The first story in the book is by "Subha", the pen name of two men who have produced so far: 550 short novels, 50 longer novels serialized in magazines, more than 400 short stories, plus. "Hurricane Vaij" moves like Bollywood hips. The political satire is as seriously funny and timeless as Yes Minister—but what a difference a place makes! Here, a secular politician is terrified that the opposition religious party will learn of his secret assignation — with a spiritual enlightener. There are political thugs by the pack, and a mad scientist who seeks to gain, not for himself but for his country. And those are only some of the features in one story in this beautifully produced anthology that should be only the first of a series.

Matchmakers abound, as do parents' wishes and the social demand for dowries, but love can sometimes conquer all. Female detectives work in an environment that is no Ladies Detective Agency. Here, they literally kick arses and knock out baddies with karate chops. Pattukkottai Prabakar's wildly popular Susheela wears tight T-shirts with slogans like "PLEASE SEARCH ON THE OTHER SIDE" on the back, which incites her working (but not yet bed) partner to say "This T-shirt wasn't meant for someone of your build. There's no need to search for something as obvious as lorry headlights."

One of the joys of this collection is that, while the basic motivations, tragedies and humour are as universal as the capacity to love, oppress, betray, and laugh, no story here could be reset as say, the Office tv series has, from Britain to the US, nor is any story here self-consciously of "the Indian experience", that excruciating stuff cooked up especially by US-college-educated literati to order, the butter chicken of lit.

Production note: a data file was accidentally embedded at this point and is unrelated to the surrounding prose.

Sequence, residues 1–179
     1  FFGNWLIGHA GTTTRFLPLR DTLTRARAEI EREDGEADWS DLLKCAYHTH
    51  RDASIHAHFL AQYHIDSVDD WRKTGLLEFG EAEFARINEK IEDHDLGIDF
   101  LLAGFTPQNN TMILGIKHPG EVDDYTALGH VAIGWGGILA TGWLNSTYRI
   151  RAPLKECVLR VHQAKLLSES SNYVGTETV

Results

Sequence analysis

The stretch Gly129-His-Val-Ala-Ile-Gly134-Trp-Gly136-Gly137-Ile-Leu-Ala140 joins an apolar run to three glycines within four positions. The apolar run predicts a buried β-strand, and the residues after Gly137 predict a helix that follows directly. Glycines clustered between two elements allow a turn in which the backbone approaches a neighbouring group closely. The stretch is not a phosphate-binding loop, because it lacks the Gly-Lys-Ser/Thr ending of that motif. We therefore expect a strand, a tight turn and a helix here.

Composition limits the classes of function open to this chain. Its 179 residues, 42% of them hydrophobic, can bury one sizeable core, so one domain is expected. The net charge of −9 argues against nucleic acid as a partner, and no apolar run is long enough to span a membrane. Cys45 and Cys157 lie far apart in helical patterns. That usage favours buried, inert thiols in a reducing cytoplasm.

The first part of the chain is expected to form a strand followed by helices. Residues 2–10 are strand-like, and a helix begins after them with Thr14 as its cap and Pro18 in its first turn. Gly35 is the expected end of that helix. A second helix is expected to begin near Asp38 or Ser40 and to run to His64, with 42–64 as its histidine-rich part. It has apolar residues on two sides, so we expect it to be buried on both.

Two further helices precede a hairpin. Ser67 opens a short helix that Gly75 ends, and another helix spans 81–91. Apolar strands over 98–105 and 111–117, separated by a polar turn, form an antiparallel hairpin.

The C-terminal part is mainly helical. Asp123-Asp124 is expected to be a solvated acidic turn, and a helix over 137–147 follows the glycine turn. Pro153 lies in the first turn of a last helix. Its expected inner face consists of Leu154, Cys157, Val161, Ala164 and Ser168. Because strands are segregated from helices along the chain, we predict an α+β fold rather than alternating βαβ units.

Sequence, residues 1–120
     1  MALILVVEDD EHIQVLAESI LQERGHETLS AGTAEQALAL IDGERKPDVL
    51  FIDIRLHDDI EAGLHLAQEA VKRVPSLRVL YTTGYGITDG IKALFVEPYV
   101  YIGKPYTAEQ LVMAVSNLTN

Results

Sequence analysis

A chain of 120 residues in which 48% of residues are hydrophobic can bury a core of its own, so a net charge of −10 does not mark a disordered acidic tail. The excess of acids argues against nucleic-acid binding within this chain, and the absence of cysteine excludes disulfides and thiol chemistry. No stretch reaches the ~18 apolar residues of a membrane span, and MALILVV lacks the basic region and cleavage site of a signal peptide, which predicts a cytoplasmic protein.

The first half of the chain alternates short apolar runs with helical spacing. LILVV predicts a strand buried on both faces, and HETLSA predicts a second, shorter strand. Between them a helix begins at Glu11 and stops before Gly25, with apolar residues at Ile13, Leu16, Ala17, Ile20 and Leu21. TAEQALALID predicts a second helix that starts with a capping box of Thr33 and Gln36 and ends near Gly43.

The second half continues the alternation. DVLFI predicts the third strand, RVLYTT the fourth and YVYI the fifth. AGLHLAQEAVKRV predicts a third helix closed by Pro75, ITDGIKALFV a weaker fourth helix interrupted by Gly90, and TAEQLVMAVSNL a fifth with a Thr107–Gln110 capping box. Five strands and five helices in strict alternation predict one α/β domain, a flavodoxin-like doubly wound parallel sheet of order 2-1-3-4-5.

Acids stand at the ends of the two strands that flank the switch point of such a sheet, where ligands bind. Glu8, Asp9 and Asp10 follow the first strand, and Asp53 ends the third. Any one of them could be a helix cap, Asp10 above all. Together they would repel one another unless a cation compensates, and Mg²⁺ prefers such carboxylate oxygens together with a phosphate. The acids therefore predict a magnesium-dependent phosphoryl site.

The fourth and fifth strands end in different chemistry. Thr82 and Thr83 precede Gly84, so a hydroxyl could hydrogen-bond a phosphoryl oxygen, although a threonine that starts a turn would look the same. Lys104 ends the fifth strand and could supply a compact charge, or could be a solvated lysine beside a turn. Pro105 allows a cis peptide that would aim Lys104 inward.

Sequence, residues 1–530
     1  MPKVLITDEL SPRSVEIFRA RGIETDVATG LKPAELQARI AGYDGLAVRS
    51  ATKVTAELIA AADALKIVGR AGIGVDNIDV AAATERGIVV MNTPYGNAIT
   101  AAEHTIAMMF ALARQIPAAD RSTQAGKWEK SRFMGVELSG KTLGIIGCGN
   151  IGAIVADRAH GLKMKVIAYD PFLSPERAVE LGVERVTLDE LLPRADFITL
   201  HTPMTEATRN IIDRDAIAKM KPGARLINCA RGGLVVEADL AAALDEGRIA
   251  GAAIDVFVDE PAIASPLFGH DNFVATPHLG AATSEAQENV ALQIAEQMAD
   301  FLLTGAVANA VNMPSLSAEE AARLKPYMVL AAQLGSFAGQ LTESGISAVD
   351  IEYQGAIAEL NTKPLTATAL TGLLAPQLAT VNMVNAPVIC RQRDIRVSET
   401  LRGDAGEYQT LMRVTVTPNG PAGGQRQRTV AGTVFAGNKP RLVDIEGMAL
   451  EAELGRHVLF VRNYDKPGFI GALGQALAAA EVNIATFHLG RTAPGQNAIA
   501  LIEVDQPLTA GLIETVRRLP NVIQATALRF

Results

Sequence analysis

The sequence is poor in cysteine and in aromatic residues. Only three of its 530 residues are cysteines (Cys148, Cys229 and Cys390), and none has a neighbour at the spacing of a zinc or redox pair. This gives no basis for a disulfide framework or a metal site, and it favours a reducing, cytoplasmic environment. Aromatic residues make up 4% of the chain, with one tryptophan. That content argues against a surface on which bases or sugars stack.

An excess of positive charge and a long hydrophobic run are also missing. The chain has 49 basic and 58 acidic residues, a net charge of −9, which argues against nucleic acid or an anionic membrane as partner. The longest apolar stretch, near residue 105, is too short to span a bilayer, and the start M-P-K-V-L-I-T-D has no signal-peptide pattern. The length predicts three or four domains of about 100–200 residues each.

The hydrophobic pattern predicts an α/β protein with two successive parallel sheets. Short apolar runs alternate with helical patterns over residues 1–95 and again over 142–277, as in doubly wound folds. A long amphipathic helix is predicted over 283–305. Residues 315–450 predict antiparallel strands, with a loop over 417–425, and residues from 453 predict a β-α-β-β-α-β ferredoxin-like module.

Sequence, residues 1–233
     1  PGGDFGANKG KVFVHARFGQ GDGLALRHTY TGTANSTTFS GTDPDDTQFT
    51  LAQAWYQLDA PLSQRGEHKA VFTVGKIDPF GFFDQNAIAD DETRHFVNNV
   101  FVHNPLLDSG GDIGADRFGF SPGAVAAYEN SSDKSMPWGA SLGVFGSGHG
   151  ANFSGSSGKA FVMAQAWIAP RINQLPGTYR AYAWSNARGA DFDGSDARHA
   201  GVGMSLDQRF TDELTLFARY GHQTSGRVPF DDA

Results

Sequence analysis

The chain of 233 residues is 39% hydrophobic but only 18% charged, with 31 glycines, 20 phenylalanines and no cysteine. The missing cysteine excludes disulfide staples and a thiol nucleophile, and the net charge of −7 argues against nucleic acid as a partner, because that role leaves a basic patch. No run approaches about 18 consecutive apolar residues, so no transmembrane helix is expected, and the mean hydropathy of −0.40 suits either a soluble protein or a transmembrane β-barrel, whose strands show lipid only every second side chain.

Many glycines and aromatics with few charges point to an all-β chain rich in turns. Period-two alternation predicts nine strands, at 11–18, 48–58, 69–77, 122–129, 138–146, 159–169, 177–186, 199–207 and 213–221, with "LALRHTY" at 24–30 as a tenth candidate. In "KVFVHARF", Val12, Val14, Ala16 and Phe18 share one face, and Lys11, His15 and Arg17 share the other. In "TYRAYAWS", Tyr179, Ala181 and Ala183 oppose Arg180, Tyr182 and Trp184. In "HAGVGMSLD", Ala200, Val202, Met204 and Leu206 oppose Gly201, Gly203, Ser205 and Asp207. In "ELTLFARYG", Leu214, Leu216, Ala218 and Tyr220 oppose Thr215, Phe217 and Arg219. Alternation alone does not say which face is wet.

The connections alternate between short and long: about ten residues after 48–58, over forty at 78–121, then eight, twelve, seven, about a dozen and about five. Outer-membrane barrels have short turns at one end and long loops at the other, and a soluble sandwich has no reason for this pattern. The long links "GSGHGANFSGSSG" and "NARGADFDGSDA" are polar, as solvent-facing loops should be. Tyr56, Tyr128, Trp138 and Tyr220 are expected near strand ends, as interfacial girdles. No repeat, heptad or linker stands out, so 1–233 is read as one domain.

Being unselfconscious and written only to the expectation that it is genuinely readable by someone who is not expected ever to study it, these stories (bar one) take place in settings that are very different to some homogenized West, though there is also drug addiction, bought cops and judges for the bribing. But as with the vigilante movement in the stirring "Matchstick Number One" by Rajesh Kumar (great movie stuff!) in which the family relationship is both touching and non-transposable, these stories work where they are. And it isn't just their exoticism that makes them so attractive to escape into. These are damn fine stories that smell fresh, even the ones by the youngster, Prajanand V.K., who has read his Holmes but is really an understudy to Rajesh Kumar (who has several stories in this book. the bio reads: "Rajesh Kumar may well be the world's most prolific living writer of fiction.).